Sometimes it seems that a band or artist bursts out of the gate on their first full-length album fully formed; as if their artistry and band chemistry was not developed over time, but bestowed on them like Neo's downloads in The Matrix.
This is of course nonsense. Any skill takes time and space to develop, and finding a musical voice and chemistry with each other takes work. But once in a while, a band comes along with a mature sound and confident manner alarmingly early. In the case of New Hampshire's Epic Season, this musical maturity comes from having played together since their early teen days, and, in true small-town fashion, sharing the same piano teacher through the years.
Following an initial EP offering, Till Darkness Turns To Dawn (produced by heavyweights Ted T. and Paul Coleman of the Newsboys and Paul Coleman Trio), Epic Season returns with the mature, inventive full-length album, New Lands.
Calling to mind Paper Route and Mutemath's organic sounding use of technology, New Lands opens with "Break," a song that swirls with keyboards and syths in the first minute before crashing into a melodic chorus with an impassioned vocal delivery of front man Nathan Wells. "Break" sets a high bar for the rest of the album.
"Wildstorm" follows "Break" and throws an immediate and unexpected (but welcome) curve ball, with keyboard player Hannah Lavigne taking over on vocals. This song's prayerful plea for the Lord (in the metaphorical form of a wind storm, a literary device that the book of Psalms uses frequently) "to pour on me a fountain till my mind is pure / lately all I can think of is this world / I want to go / I want to soar / the wind is free" is a refreshing take on a worship tune, using creative language to describe an age old spiritual dilemma. Calling to mind The Cranberries' soulful lead singer Dolores O'Riordan, Lavigne's voice shows up again in "Out Of The Dust," a waltzing number that serves as a welcome halftime break between the impassioned "The Current" (which sounds like a cross between Peter Gabriel and, believe it or not, a tamer Eminem, a sentence that might never be typed again) and the poppy "Places." It's the lyrics to "Places" that gives New Lands its title. With a clever nod to history, Wells declares, "I know I'm no Magellan / but I'm telling you I've seen new lands." This song also features the best guitar line of the album, with a melodic and unique sounding figure that brings to mind Coldplay or The Killers and cements the tune in the frontal lobe of the brain.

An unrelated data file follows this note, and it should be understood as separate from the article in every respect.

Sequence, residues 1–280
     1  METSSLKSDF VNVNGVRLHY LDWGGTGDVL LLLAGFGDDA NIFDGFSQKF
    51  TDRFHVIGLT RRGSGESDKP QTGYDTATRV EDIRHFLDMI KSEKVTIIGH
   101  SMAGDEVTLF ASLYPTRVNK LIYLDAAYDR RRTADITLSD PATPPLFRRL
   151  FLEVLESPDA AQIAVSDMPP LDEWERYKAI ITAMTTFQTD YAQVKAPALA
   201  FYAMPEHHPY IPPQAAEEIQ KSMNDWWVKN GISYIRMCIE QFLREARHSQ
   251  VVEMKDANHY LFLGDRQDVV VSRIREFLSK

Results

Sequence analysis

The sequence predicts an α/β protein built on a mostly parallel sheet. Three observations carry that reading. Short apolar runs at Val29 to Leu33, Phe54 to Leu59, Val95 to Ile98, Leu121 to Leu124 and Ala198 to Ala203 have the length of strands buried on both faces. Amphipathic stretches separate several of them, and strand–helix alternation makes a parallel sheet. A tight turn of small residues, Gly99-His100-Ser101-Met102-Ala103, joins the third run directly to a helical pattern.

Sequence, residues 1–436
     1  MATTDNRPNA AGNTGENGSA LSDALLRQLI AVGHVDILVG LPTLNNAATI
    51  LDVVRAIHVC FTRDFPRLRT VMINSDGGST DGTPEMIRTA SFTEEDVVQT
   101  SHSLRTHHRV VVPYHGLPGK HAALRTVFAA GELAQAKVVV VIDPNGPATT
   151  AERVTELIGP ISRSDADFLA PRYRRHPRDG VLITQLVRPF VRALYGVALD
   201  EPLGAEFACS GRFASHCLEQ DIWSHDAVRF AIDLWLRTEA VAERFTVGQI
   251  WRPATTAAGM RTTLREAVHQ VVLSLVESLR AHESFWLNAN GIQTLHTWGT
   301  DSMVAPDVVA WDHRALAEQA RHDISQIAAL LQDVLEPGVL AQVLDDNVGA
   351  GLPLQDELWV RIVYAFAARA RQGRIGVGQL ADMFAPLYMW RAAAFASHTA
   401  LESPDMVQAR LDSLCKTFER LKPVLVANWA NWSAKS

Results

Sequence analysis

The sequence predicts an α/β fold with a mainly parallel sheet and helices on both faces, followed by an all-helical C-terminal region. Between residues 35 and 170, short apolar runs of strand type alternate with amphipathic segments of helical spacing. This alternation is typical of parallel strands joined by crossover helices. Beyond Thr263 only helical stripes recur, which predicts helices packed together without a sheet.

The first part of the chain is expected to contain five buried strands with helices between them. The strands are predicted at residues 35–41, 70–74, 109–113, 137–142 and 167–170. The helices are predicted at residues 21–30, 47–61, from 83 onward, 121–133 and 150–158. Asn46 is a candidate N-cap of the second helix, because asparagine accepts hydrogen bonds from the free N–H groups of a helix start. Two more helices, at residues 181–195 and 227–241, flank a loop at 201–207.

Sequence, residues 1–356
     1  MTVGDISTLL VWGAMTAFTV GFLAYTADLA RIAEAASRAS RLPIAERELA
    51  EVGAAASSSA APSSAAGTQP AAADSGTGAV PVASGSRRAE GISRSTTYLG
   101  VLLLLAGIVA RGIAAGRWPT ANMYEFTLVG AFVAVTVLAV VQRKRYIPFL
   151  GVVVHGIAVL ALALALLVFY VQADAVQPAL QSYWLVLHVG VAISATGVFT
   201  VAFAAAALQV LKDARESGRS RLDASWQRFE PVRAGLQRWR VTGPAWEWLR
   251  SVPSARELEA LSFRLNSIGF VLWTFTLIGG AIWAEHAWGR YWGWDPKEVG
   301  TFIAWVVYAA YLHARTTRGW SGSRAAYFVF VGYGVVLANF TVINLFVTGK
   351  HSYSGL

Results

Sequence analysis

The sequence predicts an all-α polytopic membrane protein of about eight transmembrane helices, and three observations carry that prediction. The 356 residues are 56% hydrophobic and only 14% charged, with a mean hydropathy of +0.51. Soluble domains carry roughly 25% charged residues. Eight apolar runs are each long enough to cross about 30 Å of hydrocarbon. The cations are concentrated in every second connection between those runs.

The radio friendly "The Air" (with its fantastic melody, chiming guitar lines and catchy "ooohhh" vocals) and the hard rocking "Eyes Wide" show that Epic Season has captured the sounds of some of their musical heroes (Bastille, The Killers, Coldplay, Mutemath, Paper Route), yet remixed and reinvented them in a way that is, frankly, quite astounding given the band's young collective age. Epic Season proves that it's possible to take elements from your musical predecessors and create a collage that is wholly your own, and that you don't have to skimp on creativity to make something melodic and catchy. New Lands is one of the best albums of the year in whatever genre you want to stick it in. Good things are ahead for Epic Season.
- Review date: 9/1/14, written by Alex Caldwell of Jesusfreakhideout.com